Tuesday, July 21, 2009


Here locally – well, really about half-way between here and Loma Linda - there is a canyon that connects the Loma Linda-Colton area of San Bernardino County with the Moreno Valley area of Riverside County. It’s possible to take the freeway from one place to the other, but sometimes if the freeway is clogged up, or if you just need a soul-soothing ride, it is really pleasant to drive through Reche Canyon, which is sparsely populated. It’s a two lane road and not really heavily trafficked – and it’s not really very long either, just a few miles, maybe 8 or so.

But there is one unique problem with it: there are darling little wild burros wandering around, mostly in the hills but often near the road itself. Every now and then a burro gets onto the road and is hit by a car. It happens about once a month and when it does, the burros are usually killed outright or damaged so badly they must be euthanized. As if that isn’t bad enough, some years back a young woman driving through the canyon at dusk hit a burro and its body crashed through her windshield, killing her too. At night it is especially difficult to see the little guys, and if it wasn’t for the fact that there is not a lot of traffic through the canyon after dark, the threat would be far greater.

There are people living in the canyon who generally do so because they want acreage for their animals and a rural lifestyle. Several of them have formed a support group for the burros. Their first goal is to make reflective collars to put on as many burros as they can so car headlights can pick them up long before the car reaches them. Some of the animals are fairly socialized and the support group works to find good homes for those. Sometimes baby burros are found separated from their mothers, and these little guys are hand raised, becoming as companionable as a dog. No one wants to kill the critters off, so this support group is working hard to make living together safer.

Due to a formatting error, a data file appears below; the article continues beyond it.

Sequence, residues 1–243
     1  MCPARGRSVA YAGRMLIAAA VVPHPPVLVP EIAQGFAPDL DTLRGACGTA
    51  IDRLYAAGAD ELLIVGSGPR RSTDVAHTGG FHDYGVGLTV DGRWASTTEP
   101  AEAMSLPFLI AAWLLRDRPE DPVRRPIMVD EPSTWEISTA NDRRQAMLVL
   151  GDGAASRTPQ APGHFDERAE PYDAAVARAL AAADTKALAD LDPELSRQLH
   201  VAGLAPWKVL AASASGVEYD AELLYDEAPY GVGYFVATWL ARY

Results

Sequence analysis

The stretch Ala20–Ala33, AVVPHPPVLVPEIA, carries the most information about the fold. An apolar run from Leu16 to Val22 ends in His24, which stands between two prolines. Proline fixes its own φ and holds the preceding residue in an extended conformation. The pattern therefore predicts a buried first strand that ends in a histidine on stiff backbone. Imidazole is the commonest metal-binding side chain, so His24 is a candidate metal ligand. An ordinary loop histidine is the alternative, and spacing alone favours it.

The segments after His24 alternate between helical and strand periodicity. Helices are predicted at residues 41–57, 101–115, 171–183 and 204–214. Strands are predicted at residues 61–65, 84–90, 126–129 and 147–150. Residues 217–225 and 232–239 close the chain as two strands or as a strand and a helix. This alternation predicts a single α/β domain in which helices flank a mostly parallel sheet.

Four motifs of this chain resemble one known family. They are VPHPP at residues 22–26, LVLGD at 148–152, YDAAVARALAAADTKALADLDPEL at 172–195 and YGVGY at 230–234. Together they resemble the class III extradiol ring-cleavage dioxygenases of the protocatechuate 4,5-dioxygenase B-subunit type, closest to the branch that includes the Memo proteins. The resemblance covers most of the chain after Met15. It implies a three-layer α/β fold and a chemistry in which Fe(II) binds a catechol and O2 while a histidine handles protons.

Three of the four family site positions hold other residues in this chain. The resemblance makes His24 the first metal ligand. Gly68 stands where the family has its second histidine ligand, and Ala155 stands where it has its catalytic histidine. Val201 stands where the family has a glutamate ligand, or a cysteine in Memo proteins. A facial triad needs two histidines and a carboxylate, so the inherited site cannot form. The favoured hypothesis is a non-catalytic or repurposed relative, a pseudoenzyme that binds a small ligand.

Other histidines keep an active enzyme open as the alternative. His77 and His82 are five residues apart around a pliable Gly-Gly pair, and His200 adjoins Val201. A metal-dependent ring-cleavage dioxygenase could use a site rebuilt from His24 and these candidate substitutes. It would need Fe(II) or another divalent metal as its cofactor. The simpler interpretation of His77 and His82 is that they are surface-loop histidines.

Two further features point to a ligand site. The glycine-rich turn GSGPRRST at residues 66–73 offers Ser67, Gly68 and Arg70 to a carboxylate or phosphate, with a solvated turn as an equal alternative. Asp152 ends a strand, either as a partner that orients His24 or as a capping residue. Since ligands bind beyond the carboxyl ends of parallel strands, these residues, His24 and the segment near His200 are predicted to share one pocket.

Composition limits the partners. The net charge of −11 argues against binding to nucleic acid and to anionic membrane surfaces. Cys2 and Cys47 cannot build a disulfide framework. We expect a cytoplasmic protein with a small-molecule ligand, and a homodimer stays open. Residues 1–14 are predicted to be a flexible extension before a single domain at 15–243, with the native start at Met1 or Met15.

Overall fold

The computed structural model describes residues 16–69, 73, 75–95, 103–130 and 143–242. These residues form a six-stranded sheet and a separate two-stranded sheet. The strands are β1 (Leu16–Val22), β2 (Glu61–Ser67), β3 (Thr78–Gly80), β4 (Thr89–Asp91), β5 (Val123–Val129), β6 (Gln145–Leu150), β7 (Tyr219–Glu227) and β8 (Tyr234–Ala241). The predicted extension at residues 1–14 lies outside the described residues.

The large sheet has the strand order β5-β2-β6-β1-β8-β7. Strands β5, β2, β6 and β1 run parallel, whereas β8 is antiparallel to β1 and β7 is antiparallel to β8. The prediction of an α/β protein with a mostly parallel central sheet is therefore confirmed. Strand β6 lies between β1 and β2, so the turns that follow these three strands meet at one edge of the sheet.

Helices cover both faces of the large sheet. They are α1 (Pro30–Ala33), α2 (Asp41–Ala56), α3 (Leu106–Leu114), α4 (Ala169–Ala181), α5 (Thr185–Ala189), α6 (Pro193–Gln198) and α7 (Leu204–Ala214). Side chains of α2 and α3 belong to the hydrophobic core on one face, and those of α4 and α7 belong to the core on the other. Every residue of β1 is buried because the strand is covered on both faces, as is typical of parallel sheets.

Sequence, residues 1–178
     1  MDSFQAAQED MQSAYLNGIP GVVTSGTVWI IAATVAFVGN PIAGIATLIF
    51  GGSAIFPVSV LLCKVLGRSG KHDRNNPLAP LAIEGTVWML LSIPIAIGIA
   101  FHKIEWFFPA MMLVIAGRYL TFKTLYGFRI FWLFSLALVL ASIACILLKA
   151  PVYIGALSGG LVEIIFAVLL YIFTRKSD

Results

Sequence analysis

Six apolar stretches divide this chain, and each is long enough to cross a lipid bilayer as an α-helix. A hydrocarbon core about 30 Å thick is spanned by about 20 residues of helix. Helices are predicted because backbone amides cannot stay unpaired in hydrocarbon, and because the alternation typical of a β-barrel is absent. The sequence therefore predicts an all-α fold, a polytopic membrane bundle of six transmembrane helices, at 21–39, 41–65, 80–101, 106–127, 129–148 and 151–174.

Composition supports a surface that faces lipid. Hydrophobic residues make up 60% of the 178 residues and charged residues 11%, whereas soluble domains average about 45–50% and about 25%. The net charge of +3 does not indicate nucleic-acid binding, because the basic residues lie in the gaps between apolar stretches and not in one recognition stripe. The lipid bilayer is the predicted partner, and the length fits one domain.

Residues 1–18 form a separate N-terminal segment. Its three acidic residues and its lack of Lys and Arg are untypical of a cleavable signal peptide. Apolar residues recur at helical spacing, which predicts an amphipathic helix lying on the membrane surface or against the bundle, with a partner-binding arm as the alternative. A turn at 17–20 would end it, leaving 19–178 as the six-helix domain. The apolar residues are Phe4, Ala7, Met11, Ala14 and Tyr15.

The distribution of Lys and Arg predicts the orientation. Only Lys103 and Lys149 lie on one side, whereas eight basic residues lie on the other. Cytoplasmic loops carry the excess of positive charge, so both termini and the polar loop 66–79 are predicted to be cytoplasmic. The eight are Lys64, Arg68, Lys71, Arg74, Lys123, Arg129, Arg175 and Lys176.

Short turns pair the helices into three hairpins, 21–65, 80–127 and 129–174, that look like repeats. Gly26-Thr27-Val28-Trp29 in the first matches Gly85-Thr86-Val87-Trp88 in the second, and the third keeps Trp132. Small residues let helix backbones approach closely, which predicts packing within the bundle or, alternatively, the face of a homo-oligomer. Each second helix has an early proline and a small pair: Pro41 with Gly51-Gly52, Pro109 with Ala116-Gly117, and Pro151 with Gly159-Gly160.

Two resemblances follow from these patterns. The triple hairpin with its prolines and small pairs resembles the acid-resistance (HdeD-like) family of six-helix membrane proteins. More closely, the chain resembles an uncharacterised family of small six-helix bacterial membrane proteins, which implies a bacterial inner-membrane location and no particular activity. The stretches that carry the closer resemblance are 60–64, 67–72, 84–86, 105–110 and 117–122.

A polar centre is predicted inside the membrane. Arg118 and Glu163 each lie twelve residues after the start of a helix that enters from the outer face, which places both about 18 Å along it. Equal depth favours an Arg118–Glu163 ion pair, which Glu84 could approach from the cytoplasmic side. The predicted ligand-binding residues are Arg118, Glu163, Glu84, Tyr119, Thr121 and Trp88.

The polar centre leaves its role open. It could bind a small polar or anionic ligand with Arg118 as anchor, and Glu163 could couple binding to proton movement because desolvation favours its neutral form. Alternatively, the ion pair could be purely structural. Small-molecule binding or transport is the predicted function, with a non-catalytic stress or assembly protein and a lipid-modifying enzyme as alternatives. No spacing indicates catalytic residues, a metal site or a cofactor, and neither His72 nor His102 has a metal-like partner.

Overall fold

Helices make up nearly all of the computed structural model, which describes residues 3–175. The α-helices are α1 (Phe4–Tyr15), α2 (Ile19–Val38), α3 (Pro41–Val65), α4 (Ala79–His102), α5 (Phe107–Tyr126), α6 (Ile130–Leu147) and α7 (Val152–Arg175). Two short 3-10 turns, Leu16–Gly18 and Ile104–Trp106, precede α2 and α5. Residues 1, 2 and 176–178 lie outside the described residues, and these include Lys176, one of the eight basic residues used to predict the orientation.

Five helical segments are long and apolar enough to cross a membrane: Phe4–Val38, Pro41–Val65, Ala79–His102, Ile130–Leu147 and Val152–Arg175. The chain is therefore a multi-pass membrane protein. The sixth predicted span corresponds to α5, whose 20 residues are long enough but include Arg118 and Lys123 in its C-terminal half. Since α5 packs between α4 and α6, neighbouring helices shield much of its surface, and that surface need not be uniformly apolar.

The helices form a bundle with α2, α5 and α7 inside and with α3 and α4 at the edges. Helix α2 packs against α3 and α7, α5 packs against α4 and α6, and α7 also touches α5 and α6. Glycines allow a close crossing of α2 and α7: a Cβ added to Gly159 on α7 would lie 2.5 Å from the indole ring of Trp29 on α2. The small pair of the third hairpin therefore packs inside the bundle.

There are a number of stories put forth about how the burros got into the canyon in the first place, because this is not their natural habitat. They are known to have been there as far back as the 1950s. Periodically a newspaper does a feature story on them and touts the support group’s efforts. This group now has its own website at www.rechecanyonburros.com. It’s an interesting site to nose around on, with lots of information about burros in general and these burros in particular. And lots of pictures. If you take a look you’ll see that there are some awfully cute little guys.

Working to make the area safer for man and beast is a noble endeavor, I think.

Yea, I’m a softy, that’s for sure.

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